Following implantation of the blastocyst, trophoblast cells begin to differentiate. Cytotrophoblast cells differentiate, migrate and invade into the uterine stroma in early pregnancy. The cytotrophoblast stem cells either fuse to form syncytiotrophoblasts or aggregate to form anchoring villous trophoblasts. The latter give rise to a sub-population known as extravillous trophoblasts which invade the uterine wall and its blood vessels, particularly the spiral arteries. The extravillous trophoblast cells remodel the maternal spiral arteries, displacing smooth muscle and endothelial cells, in order to produce a blood vessel with a larger diameter, increased blood flow and reduced resistance. This is an essential step in establishing and maintaining a normal pregnancy and is necessary for the higher blood requirement of the fetus later in pregnancy. The process of implantation, differentiation and invasion is illustrated below.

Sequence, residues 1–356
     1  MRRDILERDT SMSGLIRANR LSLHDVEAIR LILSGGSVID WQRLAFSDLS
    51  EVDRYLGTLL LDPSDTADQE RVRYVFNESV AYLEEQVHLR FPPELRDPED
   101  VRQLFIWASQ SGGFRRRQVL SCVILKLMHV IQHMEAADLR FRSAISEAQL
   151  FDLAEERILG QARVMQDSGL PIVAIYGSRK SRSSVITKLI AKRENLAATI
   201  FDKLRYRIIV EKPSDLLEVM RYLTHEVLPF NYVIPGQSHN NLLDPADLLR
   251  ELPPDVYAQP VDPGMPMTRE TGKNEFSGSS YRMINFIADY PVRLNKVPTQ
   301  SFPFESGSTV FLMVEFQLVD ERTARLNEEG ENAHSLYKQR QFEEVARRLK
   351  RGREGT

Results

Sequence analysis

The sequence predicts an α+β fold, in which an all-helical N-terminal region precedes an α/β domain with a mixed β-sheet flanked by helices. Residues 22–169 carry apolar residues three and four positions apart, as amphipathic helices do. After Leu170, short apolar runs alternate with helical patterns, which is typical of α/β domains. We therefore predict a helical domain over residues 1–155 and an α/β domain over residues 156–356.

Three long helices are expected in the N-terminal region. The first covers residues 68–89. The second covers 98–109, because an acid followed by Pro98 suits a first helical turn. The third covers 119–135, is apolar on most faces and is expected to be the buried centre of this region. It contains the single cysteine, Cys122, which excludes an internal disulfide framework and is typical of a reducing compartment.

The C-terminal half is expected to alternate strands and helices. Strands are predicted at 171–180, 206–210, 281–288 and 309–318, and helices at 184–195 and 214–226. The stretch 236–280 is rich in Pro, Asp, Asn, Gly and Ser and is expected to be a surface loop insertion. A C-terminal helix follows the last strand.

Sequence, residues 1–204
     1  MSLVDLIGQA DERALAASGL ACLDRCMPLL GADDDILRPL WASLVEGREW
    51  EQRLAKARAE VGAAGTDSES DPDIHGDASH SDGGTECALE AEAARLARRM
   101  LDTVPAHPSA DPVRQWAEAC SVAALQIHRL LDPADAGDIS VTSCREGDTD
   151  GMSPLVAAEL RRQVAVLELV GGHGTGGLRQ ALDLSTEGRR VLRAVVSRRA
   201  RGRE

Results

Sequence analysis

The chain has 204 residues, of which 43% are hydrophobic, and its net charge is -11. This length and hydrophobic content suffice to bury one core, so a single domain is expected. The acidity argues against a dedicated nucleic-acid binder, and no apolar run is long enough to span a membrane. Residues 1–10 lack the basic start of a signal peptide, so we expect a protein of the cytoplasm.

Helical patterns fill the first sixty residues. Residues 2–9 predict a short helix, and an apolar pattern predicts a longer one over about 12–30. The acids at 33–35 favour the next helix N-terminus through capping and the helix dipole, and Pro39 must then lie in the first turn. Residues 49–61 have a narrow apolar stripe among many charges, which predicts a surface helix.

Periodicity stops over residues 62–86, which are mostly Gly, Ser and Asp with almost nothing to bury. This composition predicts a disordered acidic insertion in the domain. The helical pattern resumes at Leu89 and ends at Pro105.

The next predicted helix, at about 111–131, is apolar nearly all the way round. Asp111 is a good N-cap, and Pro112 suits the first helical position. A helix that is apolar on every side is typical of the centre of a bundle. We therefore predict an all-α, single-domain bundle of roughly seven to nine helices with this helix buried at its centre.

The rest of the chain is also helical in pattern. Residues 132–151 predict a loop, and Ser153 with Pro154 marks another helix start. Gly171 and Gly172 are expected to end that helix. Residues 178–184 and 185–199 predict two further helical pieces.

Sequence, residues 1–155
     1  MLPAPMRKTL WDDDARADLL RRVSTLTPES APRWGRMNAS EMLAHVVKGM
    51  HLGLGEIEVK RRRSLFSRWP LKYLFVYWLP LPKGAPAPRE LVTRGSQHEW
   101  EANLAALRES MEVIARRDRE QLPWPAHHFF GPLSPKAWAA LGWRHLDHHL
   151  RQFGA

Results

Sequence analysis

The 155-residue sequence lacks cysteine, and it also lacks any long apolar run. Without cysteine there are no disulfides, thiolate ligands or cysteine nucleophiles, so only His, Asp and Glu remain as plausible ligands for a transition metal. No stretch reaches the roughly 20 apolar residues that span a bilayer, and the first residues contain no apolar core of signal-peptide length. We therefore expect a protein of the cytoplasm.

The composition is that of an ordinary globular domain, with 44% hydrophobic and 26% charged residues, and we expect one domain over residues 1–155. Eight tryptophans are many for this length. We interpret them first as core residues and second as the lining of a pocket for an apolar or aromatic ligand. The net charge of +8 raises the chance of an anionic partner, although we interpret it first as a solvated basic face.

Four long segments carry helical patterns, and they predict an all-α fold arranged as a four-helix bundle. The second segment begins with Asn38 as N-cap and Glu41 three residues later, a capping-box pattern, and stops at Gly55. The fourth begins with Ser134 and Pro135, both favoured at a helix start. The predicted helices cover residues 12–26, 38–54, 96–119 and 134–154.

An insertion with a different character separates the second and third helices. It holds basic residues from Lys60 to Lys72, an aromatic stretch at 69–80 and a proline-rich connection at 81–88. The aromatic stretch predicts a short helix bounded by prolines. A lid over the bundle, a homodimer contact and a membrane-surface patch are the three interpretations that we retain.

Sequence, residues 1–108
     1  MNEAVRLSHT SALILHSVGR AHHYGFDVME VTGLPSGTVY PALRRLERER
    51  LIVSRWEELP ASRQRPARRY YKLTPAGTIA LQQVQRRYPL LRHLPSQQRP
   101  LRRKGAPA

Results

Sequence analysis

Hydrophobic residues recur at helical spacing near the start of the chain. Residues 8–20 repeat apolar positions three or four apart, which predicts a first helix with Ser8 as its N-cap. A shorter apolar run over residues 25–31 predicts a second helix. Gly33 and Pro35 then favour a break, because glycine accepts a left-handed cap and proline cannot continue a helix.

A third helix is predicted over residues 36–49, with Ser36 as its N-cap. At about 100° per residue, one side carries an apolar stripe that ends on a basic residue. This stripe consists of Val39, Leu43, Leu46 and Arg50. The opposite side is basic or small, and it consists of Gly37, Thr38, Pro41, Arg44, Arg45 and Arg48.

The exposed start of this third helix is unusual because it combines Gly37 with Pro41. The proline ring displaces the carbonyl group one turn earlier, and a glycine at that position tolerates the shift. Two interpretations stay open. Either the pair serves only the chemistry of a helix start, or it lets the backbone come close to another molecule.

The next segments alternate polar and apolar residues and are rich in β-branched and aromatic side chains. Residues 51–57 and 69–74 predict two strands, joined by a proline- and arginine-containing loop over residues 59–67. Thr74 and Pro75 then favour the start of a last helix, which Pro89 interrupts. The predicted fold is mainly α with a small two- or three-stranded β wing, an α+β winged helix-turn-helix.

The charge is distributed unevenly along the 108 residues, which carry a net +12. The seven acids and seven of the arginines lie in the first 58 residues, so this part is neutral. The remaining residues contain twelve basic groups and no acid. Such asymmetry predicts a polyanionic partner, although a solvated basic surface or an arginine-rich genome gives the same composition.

Our laboratory has demonstrated the importance of factors produced by different cells in the pregnant uterus including EGF and soluble HLA-G in inducing trophoblast migration. We have also demonstrated the ability of trophoblast to initiate apoptosis in spiral arteries via the Fas/Fas ligand and TRAIL pathway. The ability of trophoblast to evade apoptosis is key for spiral artery remodelling, and we have shown that this is partially due to an upregulation of nitric oxide synthase by trophoblast, and that this process is disrupted in trophoblast from pregnancies at a higher risk of pre-eclampsia.

Spiral Artery Invasion

Following implantation of the blastocyst into the endometrium the trophoblasts continue to invade the uterine endometrium until they reach the spiral arteries, by which time they have differentiated into an endothelial-like cell type. The trophoblasts then begin to remodel the spiral arteries by replacing the smooth muscle and endothelial cells. The result is an increase in vessel diameter and the creation of a high blood flow, low resistance zone. This process is illustrated below. The increased blood flow is essential for the developing embryo and a lack of spiral artery modification has been implicated in complications of pregnancy such as pre-eclampsia and intra-uterine growth retardation. The process of spiral artery remodelling is illustrated below.



As with any complex tissue, the development of the placenta is a highly regulated process. Nitric oxide is thought to be involved in many aspects of this regulation, including trophoblast apoptosis and motility.

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